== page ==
The terminal is in a dodgy area, and not located conveniently near anything, so walking to other locations is not a good idea. Take a taxi or catch the Metro bus. The Metro bus stop is a short way down the street from the Greyhound terminal exit eastward. You may want to ask for directions before leaving the Greyhound station. While there are private patrols (funded by the local Business Improvement District) during the day (on bicycles), those patrols are not present in the evening.
Fortunately, other terminals are in far safer areas and have better access to public transportation. From the north, the North Hollywood station is located at 11239 Magnolia Bl. and is one quarter mile south of the Metro Red Line North Hollywood station. The Hollywood station is at 1715 N. Cahuenga Bl. and is one quarter mile west of the Metro Red Line Hollywood/Vine station.
Of note for passengers coming from the east is the El Monte station, at 3501 N. Santa Anita Ave. The station is co-located with a MTA and Foothill Transit bus station, and frequent express bus service to Downtown Los Angeles is available upstairs. The El Monte station also houses a substation of the local county sheriff. Also, from the east, the Pasadena Greyhound station, located one quarter mile west of the Lake Avenue Metro Gold Line station, is an option.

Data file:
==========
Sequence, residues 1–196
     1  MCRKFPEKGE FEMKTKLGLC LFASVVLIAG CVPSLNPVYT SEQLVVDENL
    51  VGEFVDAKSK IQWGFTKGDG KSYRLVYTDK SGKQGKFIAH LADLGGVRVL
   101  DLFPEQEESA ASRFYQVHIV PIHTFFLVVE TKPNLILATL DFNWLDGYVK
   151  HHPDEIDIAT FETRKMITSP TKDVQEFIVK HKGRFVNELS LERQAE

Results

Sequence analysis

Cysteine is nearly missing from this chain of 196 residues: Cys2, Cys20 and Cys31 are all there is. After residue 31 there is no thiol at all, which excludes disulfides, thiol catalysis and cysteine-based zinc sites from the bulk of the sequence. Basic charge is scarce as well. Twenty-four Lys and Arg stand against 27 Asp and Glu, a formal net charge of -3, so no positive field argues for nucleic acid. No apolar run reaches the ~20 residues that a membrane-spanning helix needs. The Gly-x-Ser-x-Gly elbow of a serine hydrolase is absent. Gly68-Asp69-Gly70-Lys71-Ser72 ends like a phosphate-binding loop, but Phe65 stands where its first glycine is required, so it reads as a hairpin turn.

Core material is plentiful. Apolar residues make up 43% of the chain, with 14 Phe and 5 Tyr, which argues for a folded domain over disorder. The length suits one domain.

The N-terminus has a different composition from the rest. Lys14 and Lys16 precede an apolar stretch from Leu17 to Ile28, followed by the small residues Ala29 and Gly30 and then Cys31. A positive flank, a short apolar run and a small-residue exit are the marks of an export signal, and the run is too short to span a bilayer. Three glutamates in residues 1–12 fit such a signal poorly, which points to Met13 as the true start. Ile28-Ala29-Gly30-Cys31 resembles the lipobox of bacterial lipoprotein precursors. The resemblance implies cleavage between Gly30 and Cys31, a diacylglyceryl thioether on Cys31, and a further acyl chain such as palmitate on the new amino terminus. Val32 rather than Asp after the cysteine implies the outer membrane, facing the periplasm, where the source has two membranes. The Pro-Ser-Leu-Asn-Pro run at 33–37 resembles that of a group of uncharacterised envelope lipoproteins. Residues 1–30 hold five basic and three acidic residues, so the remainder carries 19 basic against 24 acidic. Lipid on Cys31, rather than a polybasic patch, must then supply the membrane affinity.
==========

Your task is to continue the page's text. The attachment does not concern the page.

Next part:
From the south, Greyhound passengers should use either the East Los Angeles station, located at 1241 S. Soto St., or the Compton Station, located at 305 N. Tamarind Ave. The East Los Angeles station has multiple lines operating to downtown nearby, while the Compton station is across the street from a Metro Blue Line station.